Debate Over 'Personhood Amendment' Heating Up
November 5, 2011

Debate Over ‘Personhood Amendment’ Heating Up

Mississippi is set to vote on an amendment that would reportedly affirm that all fertilized eggs are people and make the destruction of an embryo murder, and the debate between those in favor of the measure and those in opposition to it is beginning to escalate, various media outlets reported Friday.

According to an article written by Gary Pettus of The Clarion-Ledger in Jackson, Mississippi and published by USA Today, over a dozen religious leaders spoke out against Initiative 26, also known as the Personhood Amendment, during a rally at the state Capitol. Conversely, at least 20 medical professionals gathered to show their support for the measure at the nearby Mississippi Baptist Convention headquarters.

Rabbi Debra Kassoff, who according to Pettus, read aloud a letter opposing the initiative signed by over 40 religious leaders representing multiple faiths and churches, during a press conference in Jackson.

Additionally, Rev. Carol Borne Spencer, chairperson of the Mississippi Religious Leadership Conference, read a letter of opposition from Bishop Duncan Gray III of the Episcopal Diocese of Mississippi which claimed that the amendment could lead to "legal nightmares."

In an interview with Mallory Simon of, Pro-Life America network director Terri Herring said that the amendment was a way for the state of Mississippi "to lead the way on a social justice issue“¦ We may have been behind on civil rights, but we can be ahead on human rights, and that's what personhood is really all about."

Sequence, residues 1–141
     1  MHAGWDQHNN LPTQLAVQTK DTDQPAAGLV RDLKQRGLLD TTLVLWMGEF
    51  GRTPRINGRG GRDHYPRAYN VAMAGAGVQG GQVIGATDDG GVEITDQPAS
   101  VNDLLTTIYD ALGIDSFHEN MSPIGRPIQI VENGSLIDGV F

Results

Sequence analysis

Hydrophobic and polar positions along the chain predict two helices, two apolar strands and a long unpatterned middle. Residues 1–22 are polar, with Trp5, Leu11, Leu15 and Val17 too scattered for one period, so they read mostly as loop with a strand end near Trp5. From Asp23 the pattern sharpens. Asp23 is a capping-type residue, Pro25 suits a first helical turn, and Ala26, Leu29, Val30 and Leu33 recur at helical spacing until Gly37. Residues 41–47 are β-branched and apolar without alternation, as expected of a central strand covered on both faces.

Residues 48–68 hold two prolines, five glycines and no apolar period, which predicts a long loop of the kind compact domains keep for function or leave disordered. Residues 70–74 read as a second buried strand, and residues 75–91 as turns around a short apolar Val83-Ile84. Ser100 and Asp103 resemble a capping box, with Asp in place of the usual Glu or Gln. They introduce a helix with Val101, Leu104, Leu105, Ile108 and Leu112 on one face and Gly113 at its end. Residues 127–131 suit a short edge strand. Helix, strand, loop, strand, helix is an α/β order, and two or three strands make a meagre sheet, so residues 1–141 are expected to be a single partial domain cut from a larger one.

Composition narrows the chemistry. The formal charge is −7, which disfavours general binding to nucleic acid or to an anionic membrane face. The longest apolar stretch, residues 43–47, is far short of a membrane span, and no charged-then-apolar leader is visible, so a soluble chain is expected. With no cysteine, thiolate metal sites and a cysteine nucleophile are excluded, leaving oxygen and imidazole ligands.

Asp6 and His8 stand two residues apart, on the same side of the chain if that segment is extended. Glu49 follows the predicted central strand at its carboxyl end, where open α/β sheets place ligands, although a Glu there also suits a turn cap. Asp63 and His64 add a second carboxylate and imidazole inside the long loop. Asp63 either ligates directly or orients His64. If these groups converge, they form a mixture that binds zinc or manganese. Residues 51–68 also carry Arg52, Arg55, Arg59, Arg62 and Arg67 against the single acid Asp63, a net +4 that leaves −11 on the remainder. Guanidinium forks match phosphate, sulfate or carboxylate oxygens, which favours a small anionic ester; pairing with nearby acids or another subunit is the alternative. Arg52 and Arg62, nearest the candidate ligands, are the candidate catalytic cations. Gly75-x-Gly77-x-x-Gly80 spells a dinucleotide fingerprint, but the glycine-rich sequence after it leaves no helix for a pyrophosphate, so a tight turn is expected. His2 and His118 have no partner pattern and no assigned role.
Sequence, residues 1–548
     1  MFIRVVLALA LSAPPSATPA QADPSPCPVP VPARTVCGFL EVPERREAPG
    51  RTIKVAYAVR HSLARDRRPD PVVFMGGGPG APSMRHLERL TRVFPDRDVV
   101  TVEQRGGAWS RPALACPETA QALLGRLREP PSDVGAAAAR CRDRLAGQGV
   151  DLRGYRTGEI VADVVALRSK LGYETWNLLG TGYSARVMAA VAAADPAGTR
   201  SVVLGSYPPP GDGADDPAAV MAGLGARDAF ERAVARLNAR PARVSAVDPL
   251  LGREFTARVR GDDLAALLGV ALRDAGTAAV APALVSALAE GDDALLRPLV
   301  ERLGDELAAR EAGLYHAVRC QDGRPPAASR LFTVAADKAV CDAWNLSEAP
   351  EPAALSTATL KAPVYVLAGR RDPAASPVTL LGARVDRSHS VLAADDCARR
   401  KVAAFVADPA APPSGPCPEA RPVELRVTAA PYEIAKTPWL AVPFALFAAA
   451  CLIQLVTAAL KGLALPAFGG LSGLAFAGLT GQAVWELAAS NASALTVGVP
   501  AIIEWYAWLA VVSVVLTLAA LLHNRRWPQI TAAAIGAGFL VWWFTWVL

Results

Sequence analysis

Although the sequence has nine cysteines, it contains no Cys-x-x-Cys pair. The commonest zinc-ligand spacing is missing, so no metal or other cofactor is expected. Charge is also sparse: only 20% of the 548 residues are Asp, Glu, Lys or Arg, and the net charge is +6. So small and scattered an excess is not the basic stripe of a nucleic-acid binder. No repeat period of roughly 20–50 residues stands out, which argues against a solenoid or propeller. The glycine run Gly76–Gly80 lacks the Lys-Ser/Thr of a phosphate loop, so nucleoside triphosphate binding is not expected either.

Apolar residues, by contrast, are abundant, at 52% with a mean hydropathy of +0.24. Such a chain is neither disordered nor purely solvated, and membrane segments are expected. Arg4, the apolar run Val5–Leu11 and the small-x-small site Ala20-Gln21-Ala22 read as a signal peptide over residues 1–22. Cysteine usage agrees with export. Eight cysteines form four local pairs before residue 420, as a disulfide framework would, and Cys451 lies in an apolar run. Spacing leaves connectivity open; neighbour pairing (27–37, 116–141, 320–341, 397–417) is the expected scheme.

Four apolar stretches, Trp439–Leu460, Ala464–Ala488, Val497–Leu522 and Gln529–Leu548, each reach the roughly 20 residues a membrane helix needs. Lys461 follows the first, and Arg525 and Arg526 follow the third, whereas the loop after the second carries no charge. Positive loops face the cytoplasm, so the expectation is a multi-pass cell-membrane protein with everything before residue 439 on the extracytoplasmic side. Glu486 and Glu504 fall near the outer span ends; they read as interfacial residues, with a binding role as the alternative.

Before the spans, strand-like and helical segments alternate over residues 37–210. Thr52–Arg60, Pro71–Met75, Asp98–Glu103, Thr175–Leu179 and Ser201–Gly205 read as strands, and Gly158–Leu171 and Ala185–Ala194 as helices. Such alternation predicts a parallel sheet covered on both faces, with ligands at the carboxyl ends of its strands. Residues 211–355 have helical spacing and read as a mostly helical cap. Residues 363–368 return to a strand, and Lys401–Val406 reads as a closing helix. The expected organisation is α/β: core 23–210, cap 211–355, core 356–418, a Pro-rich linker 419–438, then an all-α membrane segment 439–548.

Mississippi's Governor Haley Barbour issued a press release supporting the measure, noting that he had cast his absentee ballot in favor of the measure even though he admits to having "some concerns" about it. Barbour added that, "all in all, I believe life begins at conception, so I think the right thing to do was to vote for it."

According to Simon, since the amendment would deem a fertilized egg as a human being, with full legal rights, it "could have an impact on" the ability of women to get morning-after or birth-control pills, and it could create complications in in-vitro fertilization treatments, as it would make it illegal to dispose of any unused eggs that had already been fertilized.

"This could lead to a nationwide debate about women's rights and abortion while setting up a possible challenge to the landmark Roe v. Wade case, which makes abortion legal," added.


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